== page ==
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Here in the United States, we celebrate Dr. Martin Luther King Jr.’s Birthday as a legal holiday on the third Monday in January of each year. The actual birthday of Dr. King was on January 15th, however the third Monday is the holiday standard. It is interesting to note that there are only four United States federal holidays which commemorate an individual person, and this is one of those days.
Martin Luther King Day started out as a holiday which labor unions fought for in negotiations with employers. They did so because Martin Luther King was a great proponent of labor unions and fair employment for all Americans. After King’s death in 1968 many labor unions lobbied to have King’s birthday become a national holiday in celebration of his life and activism on behalf of trade unions.
Elected largely because of the backing of trade unions, President Jimmy Carter endorsed the King Day bill and unions took the action and ran with it to garner support from Corporate America, unfortunately he was never able to sign the day into law. Finally, in 1981 a petition to Congress to pass the law was signed by six million people.
On November 2, 1983 President Ronald Regan reluctantly singed a bill into law creating a federal holiday to honor King. The first official Martin Luther King holiday was celebrated on January 20, 1986.
In addition to Ronald Regan, Senator Jesse Helms led the opposition to the new holiday. He questioned whether Dr. King was important enough to receive such an honor partly due to his opposition to the Vietnam War and purported Communist connections.
January 17, 2000 was the first time which Martin Luther King Day was officially observed in all 50 states. Before that date Arizona and New Hampshire did not observe the day.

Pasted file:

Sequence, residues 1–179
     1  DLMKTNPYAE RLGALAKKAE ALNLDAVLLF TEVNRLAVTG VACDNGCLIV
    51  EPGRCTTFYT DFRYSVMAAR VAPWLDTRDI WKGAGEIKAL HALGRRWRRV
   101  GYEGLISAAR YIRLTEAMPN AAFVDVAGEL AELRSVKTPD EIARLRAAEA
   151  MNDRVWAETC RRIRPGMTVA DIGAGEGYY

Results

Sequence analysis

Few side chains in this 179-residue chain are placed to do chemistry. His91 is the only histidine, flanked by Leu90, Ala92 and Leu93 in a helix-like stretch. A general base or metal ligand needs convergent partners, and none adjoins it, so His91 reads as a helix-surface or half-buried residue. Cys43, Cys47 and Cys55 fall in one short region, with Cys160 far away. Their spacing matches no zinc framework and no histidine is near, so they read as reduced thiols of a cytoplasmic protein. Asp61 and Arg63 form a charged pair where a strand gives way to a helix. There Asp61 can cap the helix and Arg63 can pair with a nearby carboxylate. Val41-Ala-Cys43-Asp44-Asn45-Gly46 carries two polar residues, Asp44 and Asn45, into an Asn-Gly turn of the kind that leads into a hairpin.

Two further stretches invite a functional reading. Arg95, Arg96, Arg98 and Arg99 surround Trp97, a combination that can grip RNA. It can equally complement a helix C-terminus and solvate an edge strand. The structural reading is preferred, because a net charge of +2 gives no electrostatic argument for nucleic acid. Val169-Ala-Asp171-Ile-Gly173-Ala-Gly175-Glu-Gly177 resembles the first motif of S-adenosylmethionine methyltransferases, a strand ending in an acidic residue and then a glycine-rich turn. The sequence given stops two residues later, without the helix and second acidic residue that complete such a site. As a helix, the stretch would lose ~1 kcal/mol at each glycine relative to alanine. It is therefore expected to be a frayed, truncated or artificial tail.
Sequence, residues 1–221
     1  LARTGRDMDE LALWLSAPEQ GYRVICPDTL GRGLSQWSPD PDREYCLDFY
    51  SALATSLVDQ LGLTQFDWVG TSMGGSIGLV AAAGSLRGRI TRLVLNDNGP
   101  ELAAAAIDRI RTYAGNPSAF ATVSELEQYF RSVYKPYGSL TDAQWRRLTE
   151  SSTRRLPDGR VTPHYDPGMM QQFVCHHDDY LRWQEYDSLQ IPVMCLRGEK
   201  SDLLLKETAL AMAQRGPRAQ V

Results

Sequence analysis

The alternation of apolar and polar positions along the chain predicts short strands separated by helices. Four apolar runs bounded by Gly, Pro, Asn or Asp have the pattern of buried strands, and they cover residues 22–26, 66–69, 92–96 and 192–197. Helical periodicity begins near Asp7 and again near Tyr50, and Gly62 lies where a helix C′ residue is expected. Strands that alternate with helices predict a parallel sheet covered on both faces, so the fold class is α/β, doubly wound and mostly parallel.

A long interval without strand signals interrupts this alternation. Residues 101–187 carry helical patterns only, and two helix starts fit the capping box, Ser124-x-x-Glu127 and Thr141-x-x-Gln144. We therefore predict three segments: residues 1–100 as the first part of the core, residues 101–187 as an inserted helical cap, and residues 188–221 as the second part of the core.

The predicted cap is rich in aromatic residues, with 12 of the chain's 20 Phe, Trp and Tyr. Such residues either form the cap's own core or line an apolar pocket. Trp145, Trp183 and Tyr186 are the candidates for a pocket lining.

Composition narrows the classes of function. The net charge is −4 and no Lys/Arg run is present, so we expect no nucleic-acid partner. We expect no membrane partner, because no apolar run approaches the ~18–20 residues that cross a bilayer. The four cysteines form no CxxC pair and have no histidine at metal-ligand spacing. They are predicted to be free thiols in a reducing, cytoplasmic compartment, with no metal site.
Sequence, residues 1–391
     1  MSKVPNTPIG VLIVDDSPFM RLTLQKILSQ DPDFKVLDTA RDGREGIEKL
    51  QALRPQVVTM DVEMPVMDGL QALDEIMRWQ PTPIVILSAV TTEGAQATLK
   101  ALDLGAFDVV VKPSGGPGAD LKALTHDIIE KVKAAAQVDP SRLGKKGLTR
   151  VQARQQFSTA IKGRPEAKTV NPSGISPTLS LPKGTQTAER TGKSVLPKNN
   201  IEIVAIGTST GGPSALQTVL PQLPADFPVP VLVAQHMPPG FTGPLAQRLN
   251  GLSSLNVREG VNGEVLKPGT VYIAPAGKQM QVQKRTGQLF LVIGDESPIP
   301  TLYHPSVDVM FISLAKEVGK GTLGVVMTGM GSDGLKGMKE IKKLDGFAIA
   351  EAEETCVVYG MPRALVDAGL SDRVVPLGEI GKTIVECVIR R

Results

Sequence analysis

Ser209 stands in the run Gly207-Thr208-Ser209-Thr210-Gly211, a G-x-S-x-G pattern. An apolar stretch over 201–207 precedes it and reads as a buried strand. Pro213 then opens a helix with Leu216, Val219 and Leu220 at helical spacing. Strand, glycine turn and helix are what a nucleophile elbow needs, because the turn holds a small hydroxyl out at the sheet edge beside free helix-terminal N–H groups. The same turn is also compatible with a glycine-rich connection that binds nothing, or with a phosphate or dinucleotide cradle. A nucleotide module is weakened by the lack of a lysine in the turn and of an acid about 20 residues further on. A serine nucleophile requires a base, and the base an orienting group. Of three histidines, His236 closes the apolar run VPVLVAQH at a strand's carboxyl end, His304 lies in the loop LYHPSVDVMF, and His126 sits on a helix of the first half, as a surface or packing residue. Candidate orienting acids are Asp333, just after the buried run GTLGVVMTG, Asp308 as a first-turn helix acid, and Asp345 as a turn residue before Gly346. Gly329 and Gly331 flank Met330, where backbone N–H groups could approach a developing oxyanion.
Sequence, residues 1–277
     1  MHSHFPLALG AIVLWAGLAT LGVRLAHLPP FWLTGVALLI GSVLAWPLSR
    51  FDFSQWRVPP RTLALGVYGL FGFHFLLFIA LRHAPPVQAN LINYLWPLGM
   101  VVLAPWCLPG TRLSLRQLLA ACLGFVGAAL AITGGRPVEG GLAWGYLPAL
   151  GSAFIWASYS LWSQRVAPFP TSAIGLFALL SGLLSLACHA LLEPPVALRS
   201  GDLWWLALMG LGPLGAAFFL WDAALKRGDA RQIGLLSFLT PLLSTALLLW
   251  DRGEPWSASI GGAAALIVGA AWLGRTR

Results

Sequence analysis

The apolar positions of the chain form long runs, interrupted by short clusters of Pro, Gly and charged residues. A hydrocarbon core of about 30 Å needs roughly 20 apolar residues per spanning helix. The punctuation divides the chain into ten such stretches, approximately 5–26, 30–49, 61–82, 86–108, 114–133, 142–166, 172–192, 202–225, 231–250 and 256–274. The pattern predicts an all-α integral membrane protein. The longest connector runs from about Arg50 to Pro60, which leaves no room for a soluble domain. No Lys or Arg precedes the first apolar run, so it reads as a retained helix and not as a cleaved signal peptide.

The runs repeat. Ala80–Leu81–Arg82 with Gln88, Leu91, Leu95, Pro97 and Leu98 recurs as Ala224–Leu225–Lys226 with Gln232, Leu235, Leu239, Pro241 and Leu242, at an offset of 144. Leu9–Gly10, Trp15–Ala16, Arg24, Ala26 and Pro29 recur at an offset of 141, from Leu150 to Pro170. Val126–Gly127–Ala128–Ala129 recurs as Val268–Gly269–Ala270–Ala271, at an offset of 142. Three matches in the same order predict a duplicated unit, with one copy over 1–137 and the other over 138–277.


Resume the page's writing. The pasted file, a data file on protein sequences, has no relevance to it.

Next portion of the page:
Even though all of the states now honor the holiday, many did not name the day specifically after King. In Utah the holiday was known as “Human Rights Day.” In the year 2000 Governor Michael Leavitt signed a bill officially changing the name of the holiday from Human Rights Day to Martin Luther King, Jr. Day.
To this day, the holiday in Arizona and New Hampshire is known as Martin Luther King, Jr. Civil Rights Day.
Interestingly enough, even though King Day is a federal holiday and an official state holiday in every state in the Union, it is often not observed by small companies other than banks. Many large corporations close but smaller businesses tend to remain open. However, as the years pass, more and more companies, small and large, are beginning to observe the day.
Senator Harris Wofford and Congressman John Lewis wrote a bill which was signed into law on August 23, 1994 by President Bill Clinton. This legislation aimed to change the Martin Luther King Day to one of volunteer service and citizen action rather than as an observance of King himself.
As each year passes, more and more states seem to be moving towards celebrating the King holiday as a day of service. Dr. King was all about citizen action and service to your fellow man, so I think he would be very satisfied at this movement.
For more information, lesson plans and coloring pages:
Martin Luther King Day
Martin Luther King, Jr. Day - Lesson Plans
Lesson Tutor : Thematic Studies : Martin Luther King Jr.
Martin Luther King, Jr. Day Theme Unit - Worksheets and Printables
Martin Luther King, Jr. Lesson Plans and Activities
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Martin Luther King coloring pages - Google Trends -- G-Spot -- ByREV
by Rachel Paxton
Kids love to play with pasta! Who knew something so simple and inexpensive could be so interesting to young children.
Dried pasta comes in a variety of sizes and shapes. If you don't already have some in your kitchen cupboard, you can find a variety of different pastas to choose from in the bulk section of your grocery store. Let your child go with you to pick it out.
Pasta can be used for a variety of craft projects, and it is very easy to dye. It takes only a few minutes to dye the pasta, and a couple of hours for it to dry.
To dye the pasta all you need is:
Pasta in different shapes and sizes
Several small bowls
Pour approximately 1/2 cup rubbing alcohol into each bowl. Add 10 or so drops of food coloring into each bowl, one bowl for each color. Drop the pasta into the bowl and stir gently with a spoon
for a few seconds.
Remove the pasta from the bowl and allow to dry for several hours on a paper plate. The colors will brighten as the pasta dries.
Your kids will enjoy playing with their colorful pasta. They can use it to create macaroni necklaces or they can glue pieces of pasta onto a sheet of paper for a creative work of art.
Children as young as two years old will enjoy counting and sorting the pasta into different piles. Have them separate the pasta by color or shape. They will have fun moving the pieces of
pasta from bowl to bowl.
Photo of dyed pasta shapes:
Rachel Paxton is a freelance writer and mom of four. For scrapbooking, card making, gift-giving ideas, and more family memory-making activities, visit http://www.crafty-moms.com.